RCS housing problem

DickFarrari

Hey guys, first time posting but long time lurker. I use this forum CONSTANTLY for info. So thank you to everyone here for the continued info.

that aside, I have gotten myself into a little predicament with my RCS.
Tank info:
29G FW community w/
11 Neons
2 juvenile SAE’s (will be removed once they grow larger, so they are not permanent to this tank)
3 peppered corys
6 full grown RCS
1 berried amano (lost my two males after a large water change)
And Carl an over sized golden mystery
Very lightly planted with a small driftwood for the shrimp.

here’s my issue,
I had my first berried RCS well over a month ago and I put her in a floating mesh breeder, she had her babes and they still reside in the mesh breeder I swear it’s about 40-50 of them in there.
Here’s where it gets complicated (for me at least, a pretty novice keeper)
I started to re-cycle my 10g tank I originally started off with before moving up to the 29 to house the new RCS babes and start a shrimp only tank to relieve the “will they won’t they get eaten” problem and I have for lack of a better word “stalled” on the cycle at the nitrite stage. As in I have plenty of nitrate showing and no ammonia but still hover about .25 - .50 ppm nitrite even after water changes. That’s not really the main issue here tho but any help with that would also be appreciated,

Moving on, my tank (10g) i assume, is no where near ready to house these babes and now I have two other RCS that are berried and pretty close to hatching, is it even an option for me to add the berried females to this already seemingly over populated mesh breeder and allow them to hatch in there with the already growing RCS from the first batch of eggs? The little ones already in the basket are juuuuuust about to a size that I feel that my neons couldn’t fit them whole in their mouth but are about the size of two bites to them, and I’d hate to release them into the main tank and have a feeding frenzy as I’m one of those people that hate the idea of even a single shrimp being food to another fish especially because Iv been so invested in raising this first batch. As I stated above my tank is very scarcely planted right now after a terrible run in with BBA (hence the SAE’s) and throwing away or melting about 80% of my plants. So I have almost nowhere for the babes to hide if I DID release them.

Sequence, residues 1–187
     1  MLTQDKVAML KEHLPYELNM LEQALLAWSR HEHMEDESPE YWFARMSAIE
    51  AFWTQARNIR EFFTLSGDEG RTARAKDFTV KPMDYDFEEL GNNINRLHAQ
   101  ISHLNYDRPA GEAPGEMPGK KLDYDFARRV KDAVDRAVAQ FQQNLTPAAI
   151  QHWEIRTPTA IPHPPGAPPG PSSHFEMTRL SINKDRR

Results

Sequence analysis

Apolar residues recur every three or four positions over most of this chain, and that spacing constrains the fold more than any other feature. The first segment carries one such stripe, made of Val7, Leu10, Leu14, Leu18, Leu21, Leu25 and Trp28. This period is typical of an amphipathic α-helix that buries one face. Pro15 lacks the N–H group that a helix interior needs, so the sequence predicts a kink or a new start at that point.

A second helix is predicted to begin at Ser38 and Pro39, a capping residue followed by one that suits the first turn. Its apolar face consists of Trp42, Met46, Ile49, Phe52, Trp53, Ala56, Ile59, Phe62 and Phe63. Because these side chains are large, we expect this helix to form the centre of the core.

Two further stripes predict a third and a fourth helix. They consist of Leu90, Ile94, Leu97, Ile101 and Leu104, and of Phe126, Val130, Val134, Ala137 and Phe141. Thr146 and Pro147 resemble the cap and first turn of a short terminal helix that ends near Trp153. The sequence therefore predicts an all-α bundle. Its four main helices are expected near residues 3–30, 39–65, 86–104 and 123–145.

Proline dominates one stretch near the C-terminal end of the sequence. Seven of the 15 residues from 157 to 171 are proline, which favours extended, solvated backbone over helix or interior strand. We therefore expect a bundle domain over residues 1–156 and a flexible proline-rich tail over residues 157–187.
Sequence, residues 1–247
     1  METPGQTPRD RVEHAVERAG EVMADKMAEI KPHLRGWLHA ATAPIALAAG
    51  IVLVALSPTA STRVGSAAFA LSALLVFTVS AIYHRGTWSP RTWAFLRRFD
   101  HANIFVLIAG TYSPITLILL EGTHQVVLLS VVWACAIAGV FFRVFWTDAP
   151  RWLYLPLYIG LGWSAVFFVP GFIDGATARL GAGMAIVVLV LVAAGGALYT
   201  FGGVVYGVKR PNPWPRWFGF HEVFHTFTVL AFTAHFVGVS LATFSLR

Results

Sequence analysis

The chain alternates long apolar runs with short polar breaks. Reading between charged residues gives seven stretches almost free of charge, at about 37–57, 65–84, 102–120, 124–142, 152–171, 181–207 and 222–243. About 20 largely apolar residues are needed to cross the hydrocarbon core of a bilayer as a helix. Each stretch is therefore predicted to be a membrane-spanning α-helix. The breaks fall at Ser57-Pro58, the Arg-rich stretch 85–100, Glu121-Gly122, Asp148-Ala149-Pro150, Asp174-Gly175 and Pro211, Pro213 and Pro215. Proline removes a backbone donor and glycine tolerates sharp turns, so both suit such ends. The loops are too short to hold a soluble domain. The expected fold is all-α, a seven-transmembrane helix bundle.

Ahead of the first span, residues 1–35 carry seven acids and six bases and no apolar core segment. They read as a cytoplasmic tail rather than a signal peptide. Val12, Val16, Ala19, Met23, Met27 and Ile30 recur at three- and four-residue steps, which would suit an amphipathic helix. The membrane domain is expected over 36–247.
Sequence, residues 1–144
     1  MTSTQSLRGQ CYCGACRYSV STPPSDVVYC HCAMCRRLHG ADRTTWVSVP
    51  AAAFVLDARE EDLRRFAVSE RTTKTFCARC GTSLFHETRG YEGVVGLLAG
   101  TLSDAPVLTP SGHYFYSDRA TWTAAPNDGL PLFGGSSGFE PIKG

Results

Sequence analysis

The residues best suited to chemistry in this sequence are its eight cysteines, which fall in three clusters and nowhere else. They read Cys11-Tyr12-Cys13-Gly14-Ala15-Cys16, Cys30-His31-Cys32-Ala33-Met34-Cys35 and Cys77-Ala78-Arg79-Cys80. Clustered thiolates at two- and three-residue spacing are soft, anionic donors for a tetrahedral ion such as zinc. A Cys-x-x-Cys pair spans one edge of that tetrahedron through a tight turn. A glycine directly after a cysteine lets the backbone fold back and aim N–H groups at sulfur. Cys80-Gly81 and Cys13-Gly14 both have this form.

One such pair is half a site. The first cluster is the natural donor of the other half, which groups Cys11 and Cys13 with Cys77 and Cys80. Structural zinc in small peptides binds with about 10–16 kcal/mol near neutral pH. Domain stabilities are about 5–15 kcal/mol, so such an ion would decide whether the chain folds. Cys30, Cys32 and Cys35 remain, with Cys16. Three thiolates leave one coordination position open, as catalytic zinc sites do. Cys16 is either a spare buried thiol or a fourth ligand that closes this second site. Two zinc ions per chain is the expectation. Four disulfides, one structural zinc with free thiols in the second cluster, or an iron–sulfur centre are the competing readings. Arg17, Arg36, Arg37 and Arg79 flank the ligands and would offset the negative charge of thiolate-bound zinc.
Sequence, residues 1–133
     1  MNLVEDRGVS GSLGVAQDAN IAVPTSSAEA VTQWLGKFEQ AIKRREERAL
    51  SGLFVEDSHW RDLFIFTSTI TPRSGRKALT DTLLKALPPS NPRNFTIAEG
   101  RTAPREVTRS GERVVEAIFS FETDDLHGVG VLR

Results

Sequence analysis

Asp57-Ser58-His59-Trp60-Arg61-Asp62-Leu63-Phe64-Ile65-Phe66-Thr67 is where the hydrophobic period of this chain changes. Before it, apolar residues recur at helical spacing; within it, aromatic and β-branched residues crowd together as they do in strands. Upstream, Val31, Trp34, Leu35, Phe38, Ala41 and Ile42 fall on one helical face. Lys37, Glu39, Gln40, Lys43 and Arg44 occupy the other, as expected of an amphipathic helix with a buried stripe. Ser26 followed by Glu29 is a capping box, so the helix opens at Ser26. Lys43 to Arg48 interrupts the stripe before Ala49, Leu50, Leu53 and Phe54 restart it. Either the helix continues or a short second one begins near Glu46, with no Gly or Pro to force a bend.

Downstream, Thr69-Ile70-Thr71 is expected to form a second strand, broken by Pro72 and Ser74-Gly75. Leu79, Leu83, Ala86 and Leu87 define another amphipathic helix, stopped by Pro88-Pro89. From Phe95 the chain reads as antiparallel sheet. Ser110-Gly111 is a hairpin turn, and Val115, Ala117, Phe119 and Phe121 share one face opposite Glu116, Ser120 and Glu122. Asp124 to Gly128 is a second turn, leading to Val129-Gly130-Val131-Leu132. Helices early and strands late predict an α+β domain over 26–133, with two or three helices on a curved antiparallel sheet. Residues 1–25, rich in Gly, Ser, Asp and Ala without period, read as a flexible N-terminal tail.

I keep a pretty small air stone in the mesh with the shrimplets and had a local fish keeping friend that keeps ghost shrimp but no RCS say that if I just stick the air stone in the half cycled tank that it should suffice but that does NOT seem right to me, especially considering how sensitive shrimp are to water conditions and non cycled tanks.
I know it’s an option to just let the currently berried females just release them straight into the tank but if at ALL possible I’d really like to avoid all those little shrimplets deaths.
Ps. I know I’m being overly sensitive and it’s all apart of the natural food chain and life cycles but I swear every little shrimplet is just as special to me as my main fish.

thank you everyone for taking the time to read all this nonsense and anyone who can shine some wisdom on me would be so very much appreciated. <3
 

richiep

Croeso welcome to fishlore DichFarrari
Lest see what we can and cannot do!!
You cannot put shrimp into a half cycled tank that would be a bad move,
Your backs against the wall a bit here, you could do a fish in cycle and transfer some fish over
MacZ mattgirl what do you think of that
I've called two friends in for some help there,
Your neons may or may not eat some new born but thats all part and parcel of keeping shrimp with fish, id leave the berried ones there thats where their better chances are you can help by putting things in that they can hide in anything small enough so the fish can't get at them.
Some will survive and the fact you have berrird shrimp in the and the fish leave them alone shows the neons may not go for them.
No one can do everything in this situation to keep things safe, I'm sorry but you have to except that but remember they will constantly breed.
Have you pictures of the tank and babies
 
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MacZ

@MacZ @mattgirl what do you think of that
Nothing special, sorry. Have to pass basically. Not a shrimpkeeper and I somehow don't get what's the problem here.

But what I always ask people with fish fry: Do you have to get all of them through? Especially with animals like shrimp that produce large numbers of offspring in short time spans so maybe a few survive... why going through the stress of trying to safe each fry?

This may sound dismissive, but honestly, the shrimp won't care if they all make it and produce more eggs. So all is fine as long as the adults survive. They will reproduce at a later point in time when the conditions are good.

In general, be it fish or inverts: Losing a good chunk of spawns (especially in the beginning) is something one has to expect.
 
Upvote 0

richiep

Nothing special, sorry. Have to pass basically. Not a shrimpkeeper and I somehow don't get what's the problem here.

But what I always ask people with fish fry: Do you have to get all of them through? Especially with animals like shrimp that produce large numbers of offspring in short time spans so maybe a few survive... why going through the stress of trying to safe each fry?

This may sound dismissive, but honestly, the shrimp won't care if they all make it and produce more eggs. So all is fine as long as the adults survive. They will reproduce at a later point in time when the conditions are good.

In general, be it fish or inverts: Losing a good chunk of spawns (especially in the beginning) is something one has to expect.
My point is can op move fish to the almost cycled tank to ease pressure on the shrimp
 
Upvote 0

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